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Monday, July 28 2014 @ 07:20 AM CDT

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From occupation to reconstruction

Occupy Wall Street

Ever since I wrote a book about Occupy Wall Street, I’ve often found myself being asked, “What happened to Occupy, anyway?” Now, more than two years since the movement faded from the headlines and in the wake of French economist Thomas Piketty’s best-selling diagnosis of economic inequality, the urgency of the question is mounting, not diminishing. The answer is also becoming clearer: The networks of activists that formed in the midst of 2011’s worldwide wave of protest are developing into efforts to create durable economic and political experiments. Rather than focusing on opposing an unjust system, they’re testing ways to replace it with something new.

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The cybernetics of Occupy: an anarchist perspective

Occupy Wall Street

In 1963, in the British journal Anarchy, a short debate took place on the relationship between anarchist forms of organization and organizational cybernetics. Organizational cybernetics, for those unfamiliar with the term, is often defined as the science of communication and control in organic, mechanical and social systems. While the term might suggest images of high technology and even cyborgs, etymologically it is derived from the Ancient Greek word κυβερνήτης (kyvernítis, or kybernetes), which means ‘steersman’ or ‘pilot’, and referred to the steering of a ship.

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Class, “Identity Politics” and Stigmergy: Why We Don’t Need “One Big Movement”

Occupy Wall Street

In any case, calls for One Big Movement, united around a simple common platform with the broadest possible appeal, are fundamentally wrong-headed. This is essentially the same argument that the old establishment Left — some of whom proudly call themselves “verticalists” — have made against the horizontalist direction the Occupy movement has taken.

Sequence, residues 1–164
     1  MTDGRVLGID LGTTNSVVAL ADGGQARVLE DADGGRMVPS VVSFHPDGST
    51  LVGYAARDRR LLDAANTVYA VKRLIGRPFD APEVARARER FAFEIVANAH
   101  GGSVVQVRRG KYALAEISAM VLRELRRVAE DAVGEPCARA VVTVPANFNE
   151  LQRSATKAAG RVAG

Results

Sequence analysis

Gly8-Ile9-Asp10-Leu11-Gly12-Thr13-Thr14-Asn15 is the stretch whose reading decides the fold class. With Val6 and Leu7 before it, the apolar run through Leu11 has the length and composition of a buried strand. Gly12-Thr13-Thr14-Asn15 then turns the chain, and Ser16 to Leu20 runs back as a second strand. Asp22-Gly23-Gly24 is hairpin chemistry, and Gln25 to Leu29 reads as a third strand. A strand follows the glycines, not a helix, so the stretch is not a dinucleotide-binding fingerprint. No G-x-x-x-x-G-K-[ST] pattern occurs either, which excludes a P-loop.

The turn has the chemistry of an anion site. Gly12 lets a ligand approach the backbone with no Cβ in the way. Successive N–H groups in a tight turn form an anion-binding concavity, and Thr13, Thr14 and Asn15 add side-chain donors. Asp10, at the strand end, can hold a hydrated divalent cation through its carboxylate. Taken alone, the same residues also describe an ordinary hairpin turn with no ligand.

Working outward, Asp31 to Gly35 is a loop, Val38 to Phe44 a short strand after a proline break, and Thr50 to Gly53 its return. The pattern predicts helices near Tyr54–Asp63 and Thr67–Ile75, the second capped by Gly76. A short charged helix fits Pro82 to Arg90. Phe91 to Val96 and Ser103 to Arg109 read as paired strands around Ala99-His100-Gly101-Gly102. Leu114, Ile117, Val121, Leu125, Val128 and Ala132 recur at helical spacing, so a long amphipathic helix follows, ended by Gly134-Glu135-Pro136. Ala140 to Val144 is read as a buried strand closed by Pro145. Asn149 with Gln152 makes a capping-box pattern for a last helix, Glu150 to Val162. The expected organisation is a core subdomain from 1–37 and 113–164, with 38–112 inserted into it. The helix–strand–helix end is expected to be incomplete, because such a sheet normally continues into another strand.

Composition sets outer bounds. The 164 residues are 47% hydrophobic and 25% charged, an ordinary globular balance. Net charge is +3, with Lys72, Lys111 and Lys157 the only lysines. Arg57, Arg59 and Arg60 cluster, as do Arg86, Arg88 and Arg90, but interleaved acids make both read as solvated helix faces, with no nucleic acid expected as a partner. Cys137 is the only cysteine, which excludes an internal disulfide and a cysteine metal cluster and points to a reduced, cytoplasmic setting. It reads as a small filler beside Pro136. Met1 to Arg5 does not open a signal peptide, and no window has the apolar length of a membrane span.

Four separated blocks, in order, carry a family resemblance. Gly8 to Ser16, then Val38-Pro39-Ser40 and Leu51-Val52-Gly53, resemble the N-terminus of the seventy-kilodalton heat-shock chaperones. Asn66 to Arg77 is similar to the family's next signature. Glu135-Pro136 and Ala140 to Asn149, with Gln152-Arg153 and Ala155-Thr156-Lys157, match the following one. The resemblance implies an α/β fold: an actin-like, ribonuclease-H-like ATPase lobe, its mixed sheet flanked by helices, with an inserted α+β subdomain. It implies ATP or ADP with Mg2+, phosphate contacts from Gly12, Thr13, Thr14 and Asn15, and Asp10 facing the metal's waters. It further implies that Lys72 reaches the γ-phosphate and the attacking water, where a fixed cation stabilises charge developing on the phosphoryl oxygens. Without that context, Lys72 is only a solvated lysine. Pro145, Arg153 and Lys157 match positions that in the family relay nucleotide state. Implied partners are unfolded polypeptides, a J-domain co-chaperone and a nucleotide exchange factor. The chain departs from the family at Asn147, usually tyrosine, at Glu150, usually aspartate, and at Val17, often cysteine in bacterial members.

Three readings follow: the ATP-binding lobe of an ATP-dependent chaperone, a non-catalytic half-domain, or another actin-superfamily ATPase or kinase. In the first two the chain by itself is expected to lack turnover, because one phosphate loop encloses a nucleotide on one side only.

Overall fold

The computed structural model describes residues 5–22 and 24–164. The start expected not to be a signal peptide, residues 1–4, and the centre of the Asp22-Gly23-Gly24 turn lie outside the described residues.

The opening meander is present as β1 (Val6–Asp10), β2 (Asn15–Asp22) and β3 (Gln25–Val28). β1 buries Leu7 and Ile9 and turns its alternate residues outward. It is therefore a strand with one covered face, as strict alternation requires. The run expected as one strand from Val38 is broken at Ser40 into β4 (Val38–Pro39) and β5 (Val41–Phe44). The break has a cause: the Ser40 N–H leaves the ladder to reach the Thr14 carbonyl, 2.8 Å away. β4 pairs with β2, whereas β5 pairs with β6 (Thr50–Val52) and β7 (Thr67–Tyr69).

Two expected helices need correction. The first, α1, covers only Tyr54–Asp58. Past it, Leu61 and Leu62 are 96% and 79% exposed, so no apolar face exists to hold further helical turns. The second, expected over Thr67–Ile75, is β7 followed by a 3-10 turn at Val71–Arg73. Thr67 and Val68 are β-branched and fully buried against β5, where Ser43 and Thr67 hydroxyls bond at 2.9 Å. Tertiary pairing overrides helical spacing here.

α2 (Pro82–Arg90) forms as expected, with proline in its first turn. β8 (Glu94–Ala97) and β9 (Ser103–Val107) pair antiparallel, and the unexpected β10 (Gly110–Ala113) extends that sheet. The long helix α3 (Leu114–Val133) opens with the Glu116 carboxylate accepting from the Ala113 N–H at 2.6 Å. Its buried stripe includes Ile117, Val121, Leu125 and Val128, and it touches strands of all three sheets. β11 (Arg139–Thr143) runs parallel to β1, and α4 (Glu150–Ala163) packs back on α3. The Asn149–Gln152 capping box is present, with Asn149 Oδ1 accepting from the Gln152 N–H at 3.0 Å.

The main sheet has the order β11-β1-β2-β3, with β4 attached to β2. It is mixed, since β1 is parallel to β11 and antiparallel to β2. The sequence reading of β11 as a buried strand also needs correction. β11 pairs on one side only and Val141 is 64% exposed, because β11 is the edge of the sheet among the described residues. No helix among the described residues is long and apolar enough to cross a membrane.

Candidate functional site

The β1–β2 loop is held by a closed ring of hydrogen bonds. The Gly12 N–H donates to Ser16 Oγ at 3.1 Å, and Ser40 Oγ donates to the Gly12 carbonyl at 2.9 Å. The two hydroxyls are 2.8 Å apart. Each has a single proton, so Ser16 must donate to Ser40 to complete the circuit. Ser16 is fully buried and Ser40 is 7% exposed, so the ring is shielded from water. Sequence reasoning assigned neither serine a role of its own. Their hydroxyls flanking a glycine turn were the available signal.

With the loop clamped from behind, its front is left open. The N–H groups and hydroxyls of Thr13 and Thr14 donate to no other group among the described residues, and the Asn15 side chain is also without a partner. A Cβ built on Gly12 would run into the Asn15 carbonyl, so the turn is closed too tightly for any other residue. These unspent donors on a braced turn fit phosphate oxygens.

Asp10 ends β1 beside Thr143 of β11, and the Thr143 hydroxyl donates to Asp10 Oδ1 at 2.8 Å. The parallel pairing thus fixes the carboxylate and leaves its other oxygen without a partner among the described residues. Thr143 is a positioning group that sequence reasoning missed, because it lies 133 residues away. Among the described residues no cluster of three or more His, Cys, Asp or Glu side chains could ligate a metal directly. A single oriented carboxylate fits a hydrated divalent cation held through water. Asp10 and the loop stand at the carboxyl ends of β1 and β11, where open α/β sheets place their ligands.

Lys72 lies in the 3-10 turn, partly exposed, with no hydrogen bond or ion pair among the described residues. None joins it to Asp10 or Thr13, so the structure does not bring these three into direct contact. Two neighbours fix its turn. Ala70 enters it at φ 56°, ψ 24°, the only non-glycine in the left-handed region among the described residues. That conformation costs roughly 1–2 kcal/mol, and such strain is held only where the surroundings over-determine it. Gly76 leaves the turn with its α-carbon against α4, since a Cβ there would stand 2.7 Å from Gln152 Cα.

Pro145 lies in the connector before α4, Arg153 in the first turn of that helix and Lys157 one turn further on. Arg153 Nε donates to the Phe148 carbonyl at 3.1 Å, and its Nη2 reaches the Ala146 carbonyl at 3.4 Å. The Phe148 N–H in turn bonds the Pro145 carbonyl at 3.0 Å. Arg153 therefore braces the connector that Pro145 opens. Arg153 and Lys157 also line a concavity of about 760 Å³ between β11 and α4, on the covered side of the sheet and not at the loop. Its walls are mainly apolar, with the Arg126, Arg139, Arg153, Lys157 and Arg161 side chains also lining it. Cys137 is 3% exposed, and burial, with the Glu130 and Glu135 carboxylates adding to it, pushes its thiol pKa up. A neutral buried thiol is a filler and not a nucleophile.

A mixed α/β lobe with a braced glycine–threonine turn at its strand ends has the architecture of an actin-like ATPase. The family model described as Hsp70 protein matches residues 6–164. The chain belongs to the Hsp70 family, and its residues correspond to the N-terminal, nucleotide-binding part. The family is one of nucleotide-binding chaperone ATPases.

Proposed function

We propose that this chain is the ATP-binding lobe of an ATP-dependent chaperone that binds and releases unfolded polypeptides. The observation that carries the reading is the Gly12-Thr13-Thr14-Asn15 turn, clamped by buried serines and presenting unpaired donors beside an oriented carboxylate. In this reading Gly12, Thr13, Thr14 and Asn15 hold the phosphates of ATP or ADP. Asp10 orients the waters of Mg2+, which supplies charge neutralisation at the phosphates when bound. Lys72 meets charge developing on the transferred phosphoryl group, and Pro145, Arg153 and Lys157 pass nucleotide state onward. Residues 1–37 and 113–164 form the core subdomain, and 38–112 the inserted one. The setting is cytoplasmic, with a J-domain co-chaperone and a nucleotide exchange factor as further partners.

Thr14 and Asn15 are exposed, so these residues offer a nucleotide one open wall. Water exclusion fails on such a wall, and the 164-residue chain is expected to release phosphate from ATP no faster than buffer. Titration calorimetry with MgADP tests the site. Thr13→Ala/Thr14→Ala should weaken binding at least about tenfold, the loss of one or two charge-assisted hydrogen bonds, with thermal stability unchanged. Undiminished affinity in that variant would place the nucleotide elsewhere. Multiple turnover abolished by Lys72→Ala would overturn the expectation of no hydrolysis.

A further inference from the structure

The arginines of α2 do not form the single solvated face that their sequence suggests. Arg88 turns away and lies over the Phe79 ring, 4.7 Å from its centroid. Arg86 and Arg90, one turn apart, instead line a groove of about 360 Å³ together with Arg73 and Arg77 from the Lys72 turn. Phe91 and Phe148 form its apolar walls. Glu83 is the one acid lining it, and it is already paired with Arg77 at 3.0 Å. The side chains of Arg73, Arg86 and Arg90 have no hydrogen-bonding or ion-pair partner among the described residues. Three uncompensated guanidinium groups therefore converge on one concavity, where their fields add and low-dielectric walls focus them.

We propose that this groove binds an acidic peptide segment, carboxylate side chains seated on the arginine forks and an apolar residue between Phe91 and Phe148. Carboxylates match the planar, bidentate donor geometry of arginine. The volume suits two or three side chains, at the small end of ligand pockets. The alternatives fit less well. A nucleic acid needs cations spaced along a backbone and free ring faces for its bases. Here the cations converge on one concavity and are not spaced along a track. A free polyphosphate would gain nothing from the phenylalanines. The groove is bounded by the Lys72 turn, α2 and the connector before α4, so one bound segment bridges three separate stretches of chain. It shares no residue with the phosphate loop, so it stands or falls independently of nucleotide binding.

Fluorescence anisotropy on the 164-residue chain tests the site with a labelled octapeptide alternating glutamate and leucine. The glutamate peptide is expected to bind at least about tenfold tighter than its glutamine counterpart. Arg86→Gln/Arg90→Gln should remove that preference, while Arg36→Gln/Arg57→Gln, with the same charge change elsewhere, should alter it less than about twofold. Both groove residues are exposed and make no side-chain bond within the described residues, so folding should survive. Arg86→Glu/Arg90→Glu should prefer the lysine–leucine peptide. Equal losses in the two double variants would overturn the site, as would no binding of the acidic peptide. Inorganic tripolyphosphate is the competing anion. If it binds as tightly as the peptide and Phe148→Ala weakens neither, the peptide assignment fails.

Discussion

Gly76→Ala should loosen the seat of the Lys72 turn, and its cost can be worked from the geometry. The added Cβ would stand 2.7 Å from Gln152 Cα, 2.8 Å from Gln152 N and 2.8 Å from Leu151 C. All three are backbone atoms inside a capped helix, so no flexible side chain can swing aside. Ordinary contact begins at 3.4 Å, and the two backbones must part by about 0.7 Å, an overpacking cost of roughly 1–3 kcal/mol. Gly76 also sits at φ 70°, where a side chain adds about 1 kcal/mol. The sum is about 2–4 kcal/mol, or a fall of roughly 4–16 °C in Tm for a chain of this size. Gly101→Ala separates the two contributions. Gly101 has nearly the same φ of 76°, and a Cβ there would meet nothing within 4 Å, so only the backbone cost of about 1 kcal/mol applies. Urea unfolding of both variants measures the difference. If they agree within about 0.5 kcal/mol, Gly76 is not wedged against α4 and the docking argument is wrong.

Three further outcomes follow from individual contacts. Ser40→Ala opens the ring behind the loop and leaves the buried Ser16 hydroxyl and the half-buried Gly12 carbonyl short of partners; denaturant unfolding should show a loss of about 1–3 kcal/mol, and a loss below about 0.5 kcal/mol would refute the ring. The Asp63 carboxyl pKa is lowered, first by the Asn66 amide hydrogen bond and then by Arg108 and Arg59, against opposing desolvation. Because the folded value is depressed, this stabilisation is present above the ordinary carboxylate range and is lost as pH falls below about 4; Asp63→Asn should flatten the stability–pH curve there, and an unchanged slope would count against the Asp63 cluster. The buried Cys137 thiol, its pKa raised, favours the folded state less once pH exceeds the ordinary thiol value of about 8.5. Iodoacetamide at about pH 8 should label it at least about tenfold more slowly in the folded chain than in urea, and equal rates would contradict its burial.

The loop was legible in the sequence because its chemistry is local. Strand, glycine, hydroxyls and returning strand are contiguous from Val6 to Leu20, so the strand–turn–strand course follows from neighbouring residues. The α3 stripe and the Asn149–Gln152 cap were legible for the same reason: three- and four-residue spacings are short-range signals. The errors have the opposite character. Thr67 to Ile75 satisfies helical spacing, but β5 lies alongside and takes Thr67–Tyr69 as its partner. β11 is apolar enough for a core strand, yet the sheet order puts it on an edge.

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Injustice visits Occupy Wall Streeter

Occupy Wall Street

Occupy Wall Street demonstrator Cecily McMillan has become collateral damage of former Mayor Michael Bloomberg's relentless policing of the group and its protests. And the grotesque unfairness could continue on Monday when the 25-year-old faces a sentence of up to 7 years in prison in a case that also underscores a blow to the right of dissent.

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20 on the Right in Occupy

Occupy Wall Street

In my Public Eye article “The Right Hand of Occupy Wall Street,” I detail many of the issues related to right-wing and conspiracy theorist participation in the Occupy Wall Street (OWS) movement—including the false attempts by the mainstream right-wing media to “smear” all of Occupy as antisemitic.1 I also show how genuine Far Right—as well as conspiracy and right-libertarian—elements were drawn to Occupy by its critique of finance capital, welcoming of everyone, ambiguous categories (such as “the 99%” and “the 1%”), and use of franchise activism. Partly because of the original “smear,” many progressive activists simply refused to acknowledge the presence and extent of right-wing involvement in Occupy.